If going abroad for the honeymoon, take such paperwork and a photograph to show on re-entry to the UK that the purchase was effected here. Quite often jewellers offer insurance which may be useful.

Similarly, watches or other jewellery need to be fully described and for values to be current. This can be overlooked if an article is an inheritance gift.

Jewellery and similar items need to be protected under the ‘valuables’ section of a contents policy .

Unless hired, wedding attire should be specified to insurers. The wedding dress may not be Carolina Herrera or Alexander McQueen but still needs to be protected, notably for theft and damage such as red wine spilt at the reception.

A spillage at home would be covered under the ‘accidental damage’ section and in many cases there would be no single article limit but just a collective sum.

Away from the property, quite low limits may apply – such as £1,500 with Ageas (also branded as Rias) and £2,000 with LV= – unless items are specified.

Increasingly prospective brides are purchasing two outfits for the key day. The fashion platform, Lyst, says this applies in 23 per cent of cases with the second outfit for the evening or for departing the event.

If any clothing is hired, insurance should not normally be your concern as the supplier will include it as part of the contract.

Do not overlook protecting wedding gifts. Once notified of the wedding date, many good insurers will automatically increase the total sum assured in the home by 10 per cent for 30 days either side of the day. They include Churchill and Direct Line (depending on the level of cover), LV=, Nationwide, Newcastle Building Society and NFU Mutual.

Newcastle’s policy is underwritten by Fairmead Insurance, formerly known as Legal & General. In turn, Fairmead is now a subsidiary of Allianz.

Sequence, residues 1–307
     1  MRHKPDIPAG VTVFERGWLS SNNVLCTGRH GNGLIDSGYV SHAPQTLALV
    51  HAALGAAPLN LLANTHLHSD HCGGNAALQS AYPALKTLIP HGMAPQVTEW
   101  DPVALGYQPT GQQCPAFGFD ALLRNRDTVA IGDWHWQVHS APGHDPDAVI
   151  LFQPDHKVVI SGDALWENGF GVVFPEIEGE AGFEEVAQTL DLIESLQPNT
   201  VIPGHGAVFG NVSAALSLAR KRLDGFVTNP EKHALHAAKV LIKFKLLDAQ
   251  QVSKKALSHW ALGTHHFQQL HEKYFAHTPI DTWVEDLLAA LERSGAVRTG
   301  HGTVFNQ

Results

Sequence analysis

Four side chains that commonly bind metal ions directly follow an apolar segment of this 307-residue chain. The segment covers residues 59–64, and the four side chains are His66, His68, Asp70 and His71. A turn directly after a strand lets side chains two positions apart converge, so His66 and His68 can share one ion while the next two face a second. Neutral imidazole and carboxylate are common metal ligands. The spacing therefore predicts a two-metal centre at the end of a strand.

Saga has even more generous terms. It includes a ‘wedding increase’ of 20 per cent on both its levels of cover which applies for a month either side for anyone permanently living in the policyholder’s home.

The same concession applies for a birthday or anniversary. However, this is for property whilst in the home, not taken outside it.

This can therefore be a substantial uplift. In NFU Mutual’s case, the uplift can mean £30,000 for its ‘Bespoke’ policy holders to provide “peace of mind when customers might have more expensive items in their homes”, says their high net worth expert, Nick Wilmot.

One area that may be overlooked is a marquee used as the venue for the wedding meal.

Only a few policies are sufficiently wide-ranging to include damage to a construction which has been hired. NFU Mutual provides cover up to £50,000 which includes for the staging, flooring, chairs, lighting and other ancillary equipment.

Wherever possible, pay using a credit card so that the money spent can be reimbursed.

If a supplier lets you down for whatever reason, perhaps with wedding attire or printed stationery, provided the cost was £100-30,000, quote the Consumer Credit Act 1975, section 75, but the payee has to be the first named credit card holder.

An additional protection is provided under the Consumer Rights Act 2015. Under this legislation, anything supplied that is faulty can be rejected within 30 days.

Finally, consider the excess which is the first amount you have to fund in any claim.

This may be low, such as £50 with Nationwide, but lower or higher levels can often be obtained which will alter the premium.